New technologies such as artificial intelligence (AI) present a real opportunity for the government and DVSA to work smarter, to improve services and make roads safer.
The Minister for Implementation, Oliver Dowden, has just launched the Government’s Technology Innovation Strategy. I thought I would share with you what we're doing here at DVSA.
AI at DVSA
We’re leading the way and are already using AI to identify and target MOT garages and testers that are not testing vehicles properly - endangering people’s lives. We’ve already picked up a prestigious UK IT award and have been nominated for another.
How does it work?
Every year 40 million vehicles receive a MOT. We’ve developed an approach that analyses this vast amount of testing data. It uses AI technologies combined with day-to-day operations so we can develop a continually evolving risk rating algorithm.
A range of features were engineered to produce a MOT tester profile, however, we lacked a precise view of what constituted a high-risk tester profile. Therefore, an unsupervised clustering approach was used to identify outliers in the data using the Local Outlier Factor (LOF) model, which is a density-based anomaly detection algorithm. This model grouped testers with similar profile scores and identified the outliers as potentially high-risk testers.
The result is that the algorithm:
- focuses on individual MOT tester’s performance for the first time, which stays with testers as they move between garages
- considers changes to testing behaviour over time
- refreshes regularly, enabling accurate, up-to-date risk scoring
- incorporates an expanse of features, such as test volumes, frequency, duration and pass rates, as well as disciplinary history
The score from this is combined with the outcome of any previous enforcement action to produce the risk rating.
From this we're able to direct our enforcement officers’ attention to garages or MOT testers who may be either underperforming or committing fraud.
We’ll then investigate these garages and MOT testers further to see if there’s evidence of wrongdoing.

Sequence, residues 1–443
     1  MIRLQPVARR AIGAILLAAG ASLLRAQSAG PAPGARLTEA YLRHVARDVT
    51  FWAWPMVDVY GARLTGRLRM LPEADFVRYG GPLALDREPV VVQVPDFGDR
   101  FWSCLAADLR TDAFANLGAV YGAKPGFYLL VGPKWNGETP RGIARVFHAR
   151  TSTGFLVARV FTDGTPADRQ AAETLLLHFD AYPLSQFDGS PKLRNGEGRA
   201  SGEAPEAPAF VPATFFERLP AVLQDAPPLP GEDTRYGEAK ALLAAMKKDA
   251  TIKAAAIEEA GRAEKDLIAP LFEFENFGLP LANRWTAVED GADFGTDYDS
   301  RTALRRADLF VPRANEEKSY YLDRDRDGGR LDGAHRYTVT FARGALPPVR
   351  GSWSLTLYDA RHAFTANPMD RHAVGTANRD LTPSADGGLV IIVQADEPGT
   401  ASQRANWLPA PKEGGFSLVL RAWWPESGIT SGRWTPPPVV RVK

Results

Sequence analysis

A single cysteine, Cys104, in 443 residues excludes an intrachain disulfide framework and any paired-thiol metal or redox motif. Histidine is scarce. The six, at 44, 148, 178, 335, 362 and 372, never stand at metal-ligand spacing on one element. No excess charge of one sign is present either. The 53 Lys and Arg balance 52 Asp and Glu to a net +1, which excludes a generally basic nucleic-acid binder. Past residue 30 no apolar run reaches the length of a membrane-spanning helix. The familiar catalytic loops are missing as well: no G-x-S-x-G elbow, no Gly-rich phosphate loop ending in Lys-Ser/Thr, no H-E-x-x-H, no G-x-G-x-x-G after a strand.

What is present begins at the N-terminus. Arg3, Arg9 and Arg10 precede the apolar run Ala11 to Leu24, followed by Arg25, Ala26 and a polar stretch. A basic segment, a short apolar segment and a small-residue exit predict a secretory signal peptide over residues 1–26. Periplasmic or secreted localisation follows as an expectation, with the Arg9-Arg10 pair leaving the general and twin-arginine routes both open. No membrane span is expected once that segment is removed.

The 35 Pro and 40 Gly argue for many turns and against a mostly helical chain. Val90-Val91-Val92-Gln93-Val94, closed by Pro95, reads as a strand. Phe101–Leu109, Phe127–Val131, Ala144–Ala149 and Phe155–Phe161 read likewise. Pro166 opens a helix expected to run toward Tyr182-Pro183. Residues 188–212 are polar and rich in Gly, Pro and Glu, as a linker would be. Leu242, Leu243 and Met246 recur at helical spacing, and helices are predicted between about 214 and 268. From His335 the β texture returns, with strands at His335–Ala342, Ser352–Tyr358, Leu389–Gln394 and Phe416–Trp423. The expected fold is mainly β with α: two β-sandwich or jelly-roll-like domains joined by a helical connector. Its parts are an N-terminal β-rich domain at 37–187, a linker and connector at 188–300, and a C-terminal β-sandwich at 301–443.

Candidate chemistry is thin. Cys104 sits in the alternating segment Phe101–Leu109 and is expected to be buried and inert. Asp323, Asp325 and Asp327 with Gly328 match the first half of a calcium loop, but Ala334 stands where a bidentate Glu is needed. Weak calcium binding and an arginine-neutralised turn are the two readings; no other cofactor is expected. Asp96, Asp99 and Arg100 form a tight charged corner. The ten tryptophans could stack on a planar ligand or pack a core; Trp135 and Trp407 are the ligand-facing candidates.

It gets results
Since we introduced this approach to risk rating 6 months ago, we’ve already seen really positive results. The new system has found more cases than we would have expected to see using the previous way of investigating. The approach has highlighted some garages that we have immediately been able to stop testing, instantly making our roads safer.
A good example was a garage owner in Devon that the system flagged up as having issues with testing. On further investigation by our examiners, we found out he’d carried out more than 300 fraudulent MOTs. This led to the garage owner being prosecuted, given a suspended prison sentence and banned from testing.
The DVSA digital team worked with our partners Kainos to deliver an approach using machine learning. This helped build our capability, and, once they’ve finished working with us, will leave us with the skills and ability to develop this model. We’ll then be able to apply to other areas of our business and support other parts of the Civil Service.
The current risk rating algorithm focuses on characteristics that might indicate fraudulent or deliberate testing. We're now using the AI approach to further develop this to help identify where errors might be being made in the MOT.
This is really important to us, as the vast majority of garages are trying to do a good job. It’s great that we can drive out the bad eggs, but we need to ensure we can also support those who can improve.
So, the team are currently working on expanding the risk ratings algorithm to include a ‘predictive vehicle failure model’. This will fine-tune our approach and help our officers to better understand the likelihood of a vehicle passing or failing its MOT. We can then use this to target testers who repeatedly record results contrary to the prediction.
We're confident that our innovative use of AI is the right approach. It allows us to be flexible, and to develop approaches to risk rating that keep getting better. We're more able to respond to what we learn and are better at responding to any changes in tester behaviours.
But above all, it's helping us catch fraudulent MOT testers and helping everyone stay safe on Britain’s road.